Foreign funds are flowing strongly back to Malaysia, indicating that investors have shaken off the panic triggered by the historic change of government in 2018, reports The Straits Times.
Last year’s RM19.9 billion net take-up outweighs the RM11 billion in foreign money that left the stock market, and nearly wipes out the RM21.9 billion outflow for the whole of 2018.
The increase, the biggest since 2012, has been lauded as a positive sign of market reforms initiated by the Pakatan Harapan administration.
The foreign sell-off of Malaysian shares, meanwhile, narrowed slightly to RM11 billion last year from RM11.7 billion in 2018.
Socio Economic Research Centre executive director Lee Heng Guie said the return of foreign funds into government bonds especially in the second half of 2019 showed that PH is “continuing to reform public finance and control its debt”.
He said, on the other hand, the Kuala Lumpur bourse has been hit, as “people are still trying to navigate…negative surprises in terms of new policies or regulations”, citing price reductions in telecommunications and a revamp of the power-producing sector as among the measures that have hurt blue-chip counters.
Oh Ei Sun, senior fellow at the Singapore Institute of International Affairs, said investors are still on a “learning curve” following the elections, which saw Barisan Nasional losing power after six decades at the country’s helm.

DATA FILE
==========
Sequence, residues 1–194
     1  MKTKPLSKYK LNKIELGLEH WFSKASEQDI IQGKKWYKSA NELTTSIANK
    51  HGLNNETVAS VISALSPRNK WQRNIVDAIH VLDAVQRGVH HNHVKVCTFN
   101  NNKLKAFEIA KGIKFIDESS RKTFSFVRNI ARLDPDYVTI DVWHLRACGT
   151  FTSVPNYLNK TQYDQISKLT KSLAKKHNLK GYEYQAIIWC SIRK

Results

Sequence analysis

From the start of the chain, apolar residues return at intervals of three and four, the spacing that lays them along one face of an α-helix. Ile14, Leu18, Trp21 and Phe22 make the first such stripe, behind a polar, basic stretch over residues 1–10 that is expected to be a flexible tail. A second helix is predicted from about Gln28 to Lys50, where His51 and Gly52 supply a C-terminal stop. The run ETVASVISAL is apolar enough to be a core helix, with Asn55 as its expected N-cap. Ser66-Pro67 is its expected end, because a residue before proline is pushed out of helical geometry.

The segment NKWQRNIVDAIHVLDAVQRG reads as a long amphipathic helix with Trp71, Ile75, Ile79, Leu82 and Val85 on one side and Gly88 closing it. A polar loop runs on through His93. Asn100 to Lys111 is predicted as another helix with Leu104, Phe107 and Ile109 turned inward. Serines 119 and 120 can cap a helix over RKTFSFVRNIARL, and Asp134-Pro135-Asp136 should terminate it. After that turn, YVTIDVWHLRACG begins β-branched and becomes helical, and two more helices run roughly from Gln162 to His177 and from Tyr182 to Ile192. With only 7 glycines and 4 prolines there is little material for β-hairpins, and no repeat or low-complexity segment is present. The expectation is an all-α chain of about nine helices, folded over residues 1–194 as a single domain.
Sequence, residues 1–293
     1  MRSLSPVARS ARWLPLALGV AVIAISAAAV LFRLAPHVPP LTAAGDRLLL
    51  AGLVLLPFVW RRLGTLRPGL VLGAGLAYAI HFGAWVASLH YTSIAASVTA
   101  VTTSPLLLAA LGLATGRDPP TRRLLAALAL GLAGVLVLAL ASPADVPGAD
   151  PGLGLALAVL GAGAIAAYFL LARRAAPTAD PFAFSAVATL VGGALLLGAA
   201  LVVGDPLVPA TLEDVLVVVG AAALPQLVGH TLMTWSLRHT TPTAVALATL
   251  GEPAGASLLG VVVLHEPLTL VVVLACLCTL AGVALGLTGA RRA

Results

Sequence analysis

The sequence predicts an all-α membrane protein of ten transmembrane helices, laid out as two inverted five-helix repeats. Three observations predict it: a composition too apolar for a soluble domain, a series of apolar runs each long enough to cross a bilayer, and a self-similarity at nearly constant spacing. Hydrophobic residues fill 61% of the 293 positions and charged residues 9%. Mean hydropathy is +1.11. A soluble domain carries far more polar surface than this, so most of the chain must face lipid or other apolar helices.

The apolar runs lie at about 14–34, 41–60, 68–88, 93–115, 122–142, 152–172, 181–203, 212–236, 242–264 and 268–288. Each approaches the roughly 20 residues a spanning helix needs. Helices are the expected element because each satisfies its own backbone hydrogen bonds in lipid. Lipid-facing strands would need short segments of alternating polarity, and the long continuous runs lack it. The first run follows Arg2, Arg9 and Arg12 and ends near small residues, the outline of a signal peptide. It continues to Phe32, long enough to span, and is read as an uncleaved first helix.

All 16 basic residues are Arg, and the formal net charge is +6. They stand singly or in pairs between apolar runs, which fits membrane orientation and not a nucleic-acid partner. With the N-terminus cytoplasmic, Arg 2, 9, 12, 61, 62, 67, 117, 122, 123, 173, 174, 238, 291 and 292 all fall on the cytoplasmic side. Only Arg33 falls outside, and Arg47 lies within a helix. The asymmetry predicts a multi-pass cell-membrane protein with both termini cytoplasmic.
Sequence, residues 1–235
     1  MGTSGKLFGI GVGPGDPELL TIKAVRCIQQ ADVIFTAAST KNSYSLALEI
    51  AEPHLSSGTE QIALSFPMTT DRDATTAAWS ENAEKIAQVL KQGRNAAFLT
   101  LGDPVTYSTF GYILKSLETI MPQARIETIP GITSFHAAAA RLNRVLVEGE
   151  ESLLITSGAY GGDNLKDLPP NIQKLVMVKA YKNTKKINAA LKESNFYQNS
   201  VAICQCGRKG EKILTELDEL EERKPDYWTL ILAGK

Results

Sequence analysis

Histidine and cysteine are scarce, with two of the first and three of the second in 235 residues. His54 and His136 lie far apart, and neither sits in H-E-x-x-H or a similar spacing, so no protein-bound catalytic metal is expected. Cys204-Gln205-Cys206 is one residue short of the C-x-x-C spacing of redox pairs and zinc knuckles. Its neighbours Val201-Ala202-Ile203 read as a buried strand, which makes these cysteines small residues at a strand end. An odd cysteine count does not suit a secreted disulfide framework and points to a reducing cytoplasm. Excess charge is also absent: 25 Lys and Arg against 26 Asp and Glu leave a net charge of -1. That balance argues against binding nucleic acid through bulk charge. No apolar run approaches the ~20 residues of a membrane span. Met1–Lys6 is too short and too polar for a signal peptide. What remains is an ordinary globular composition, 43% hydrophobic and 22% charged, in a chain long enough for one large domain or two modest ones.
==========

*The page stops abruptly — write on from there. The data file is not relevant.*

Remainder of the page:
“The old regime’s long-running cronyism is no longer the mainstay of the economy, and there is a need to understand the new, more open and fair realities to discover value in the market.”
Risk consultancy Eurasia Group’s Asia director, Peter Mumford, is cautious, saying the market will continue to be jittery so long as doubts remain over the handover of power from Prime Minister Dr Mahathir Mohamad to PKR president Anwar Ibrahim.
“While Dr Mahathir’s position is secure in the near term, there remains considerable uncertainty over when exactly, and to whom, he will hand over power.
“This creates an underlying level of uncertainty for investors.”
Foreign investors in 2018 fled Malaysia over fears of an unstable new government. The second quarter of that year alone saw the pull-out of RM24 billion and RM9 billion from debt papers and equities, respectively. – TMI